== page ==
Family “Hike” – Luray Caverns
Ryan Somma and I had a bit of our own version of “March Madness” this year. Our work had three big upgrades/migrations all in the same month which has kept us incredibly busy and required our continued attention over the weekends. Our first non-workday in March fell on the 17th when we went out for my birthday hike. Our next day off was on the 22nd when we accompanied AmiExpat’s Christina and her two sons to Luray Caverns.
Located just outside of Shenadoah National Park, Luray Caverns was discovered in 1878. The one hour tour takes you along 1.25 easy miles through the caverns. Strollers are permitted in the caverns. However, there are two sets of stairs. We found our usual Moby Wrap to be a wonderful compliment to the tour.
Family Portrait in Cave (Photo by Christina)
Although the caverns are considered an “active cave”, the formations only grow a cubic inch every 120 years. That means young Sagan’s eyes were seeing beauty that for all intensive purposes is identical to the beauty I saw when I last visited in high school.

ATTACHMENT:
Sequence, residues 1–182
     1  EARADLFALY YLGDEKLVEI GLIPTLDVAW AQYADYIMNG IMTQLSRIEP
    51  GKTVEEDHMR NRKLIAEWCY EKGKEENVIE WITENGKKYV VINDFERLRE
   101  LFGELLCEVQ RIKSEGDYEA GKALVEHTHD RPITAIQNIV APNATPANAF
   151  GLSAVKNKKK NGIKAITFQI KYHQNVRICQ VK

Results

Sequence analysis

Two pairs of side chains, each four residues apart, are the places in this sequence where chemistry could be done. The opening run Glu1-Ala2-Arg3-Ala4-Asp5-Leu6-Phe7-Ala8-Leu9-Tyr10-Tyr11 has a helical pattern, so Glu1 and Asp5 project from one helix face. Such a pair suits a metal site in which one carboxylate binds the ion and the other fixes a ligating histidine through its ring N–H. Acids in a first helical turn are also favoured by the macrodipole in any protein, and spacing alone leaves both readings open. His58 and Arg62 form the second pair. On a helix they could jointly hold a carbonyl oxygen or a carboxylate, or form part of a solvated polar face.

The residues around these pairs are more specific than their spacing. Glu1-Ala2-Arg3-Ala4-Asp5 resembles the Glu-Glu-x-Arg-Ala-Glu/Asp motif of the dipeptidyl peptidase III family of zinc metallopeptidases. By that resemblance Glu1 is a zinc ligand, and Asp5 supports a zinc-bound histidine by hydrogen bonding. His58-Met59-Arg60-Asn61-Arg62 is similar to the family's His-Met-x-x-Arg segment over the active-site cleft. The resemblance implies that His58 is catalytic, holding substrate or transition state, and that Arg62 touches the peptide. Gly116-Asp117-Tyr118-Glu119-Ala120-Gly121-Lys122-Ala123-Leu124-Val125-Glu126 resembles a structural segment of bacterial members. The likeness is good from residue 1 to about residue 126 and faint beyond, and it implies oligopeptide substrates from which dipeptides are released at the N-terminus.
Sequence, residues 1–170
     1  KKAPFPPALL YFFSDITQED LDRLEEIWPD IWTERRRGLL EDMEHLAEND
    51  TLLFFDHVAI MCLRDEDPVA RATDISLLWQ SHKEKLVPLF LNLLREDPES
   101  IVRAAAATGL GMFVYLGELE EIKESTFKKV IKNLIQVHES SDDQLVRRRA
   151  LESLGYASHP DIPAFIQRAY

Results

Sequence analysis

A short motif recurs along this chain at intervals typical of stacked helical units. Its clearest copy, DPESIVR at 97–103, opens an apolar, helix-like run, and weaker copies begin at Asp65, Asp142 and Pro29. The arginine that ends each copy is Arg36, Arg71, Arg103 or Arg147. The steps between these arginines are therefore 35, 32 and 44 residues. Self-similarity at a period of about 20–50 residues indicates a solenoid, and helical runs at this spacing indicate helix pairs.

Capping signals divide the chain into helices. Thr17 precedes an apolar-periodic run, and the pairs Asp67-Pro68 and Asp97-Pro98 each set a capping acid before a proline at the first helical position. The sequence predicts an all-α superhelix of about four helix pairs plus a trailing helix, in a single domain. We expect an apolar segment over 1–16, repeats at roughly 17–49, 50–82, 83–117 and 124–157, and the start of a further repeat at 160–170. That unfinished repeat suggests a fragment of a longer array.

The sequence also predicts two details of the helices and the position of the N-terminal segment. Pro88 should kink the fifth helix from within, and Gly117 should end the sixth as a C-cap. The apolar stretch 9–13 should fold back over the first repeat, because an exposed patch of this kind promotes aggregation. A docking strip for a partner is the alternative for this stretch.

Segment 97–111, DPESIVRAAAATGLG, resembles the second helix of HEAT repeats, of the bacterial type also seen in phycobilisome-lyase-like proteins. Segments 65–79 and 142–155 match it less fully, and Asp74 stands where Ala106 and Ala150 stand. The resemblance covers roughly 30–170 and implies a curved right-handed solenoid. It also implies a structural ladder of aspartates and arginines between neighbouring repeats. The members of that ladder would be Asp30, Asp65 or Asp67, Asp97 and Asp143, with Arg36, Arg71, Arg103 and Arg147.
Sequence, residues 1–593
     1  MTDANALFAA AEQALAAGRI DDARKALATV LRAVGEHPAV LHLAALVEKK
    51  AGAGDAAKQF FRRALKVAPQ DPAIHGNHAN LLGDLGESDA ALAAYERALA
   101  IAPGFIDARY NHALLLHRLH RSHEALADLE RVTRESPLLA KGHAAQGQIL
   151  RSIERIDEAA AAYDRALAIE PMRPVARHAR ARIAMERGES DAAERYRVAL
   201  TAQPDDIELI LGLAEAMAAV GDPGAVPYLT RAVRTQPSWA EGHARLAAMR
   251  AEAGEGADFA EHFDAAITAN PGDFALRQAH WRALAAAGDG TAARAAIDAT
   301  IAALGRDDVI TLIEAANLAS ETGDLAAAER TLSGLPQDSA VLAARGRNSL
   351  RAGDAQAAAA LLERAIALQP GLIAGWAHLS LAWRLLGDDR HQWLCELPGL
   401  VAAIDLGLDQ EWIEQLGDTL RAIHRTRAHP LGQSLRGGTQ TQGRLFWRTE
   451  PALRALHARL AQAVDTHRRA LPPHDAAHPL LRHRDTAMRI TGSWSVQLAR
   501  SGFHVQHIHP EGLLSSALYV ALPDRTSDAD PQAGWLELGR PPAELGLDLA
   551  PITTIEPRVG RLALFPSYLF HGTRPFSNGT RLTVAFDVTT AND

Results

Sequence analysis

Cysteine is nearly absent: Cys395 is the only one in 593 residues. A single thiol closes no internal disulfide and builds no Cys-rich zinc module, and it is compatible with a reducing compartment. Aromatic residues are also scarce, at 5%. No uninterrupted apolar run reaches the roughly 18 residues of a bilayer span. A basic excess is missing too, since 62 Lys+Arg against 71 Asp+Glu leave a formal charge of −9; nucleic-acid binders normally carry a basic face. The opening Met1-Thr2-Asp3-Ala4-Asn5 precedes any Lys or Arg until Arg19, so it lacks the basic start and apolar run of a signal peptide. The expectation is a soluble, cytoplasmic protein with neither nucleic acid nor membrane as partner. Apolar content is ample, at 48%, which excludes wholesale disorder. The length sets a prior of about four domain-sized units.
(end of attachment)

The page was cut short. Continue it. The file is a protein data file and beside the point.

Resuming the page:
I found how slowly the formations grow to be the most thought-provoking aspect of the tour. Some of the formations, like the drapery of Saracen’s Tent, were thin and delicate. Some, like the Double Column or the Giant Redwood, towered formidably over us. Some were yellow, some were orange, some were alabaster white. But all the formations shared a commonality–they were formed slowly, drip by drip, over the course of millions of years. We were witnesses to the power of small, almost invisible, change and what amazing and intricate things can be accomplished with time. I was looking upon stone but I left with a much greater appreciation of the organisms above ground.
Stalagmite (Photo by Ryan Somma)
Dream Lake (Photo by Ryan Somma)
Draperies (Photo by Ryan Somma)
Other Visitors in Luray Caverns (Photo by Ryan Somma)
After the caverns, we visited the Garden Maze. I thought I was being all sneaky by looking at an aerial shot in Google Maps the night before. When we arrived, all the brochures and signs featured a similiar view. It turns out knowing the layout doesn’t really help. You weren’t merely trying to find an exit, you had to first find four hidden stations along the way. Google Maps also didn’t help us avoid misleading signs.
Section of Garden Maze (Photo by Christina)
We Fell For It
We finished our day with a quick and yummy lunch at nearby Artisan’s Grill. We may have only had two days off in March, but with a filled day like this one, we sure did make up for lost time.
Tickets: $24 per adult, $12 per child (Ages 6 – 12)
Elevation Gain: Roughly two flights of stairs
Length: 1.25 miles for the caverns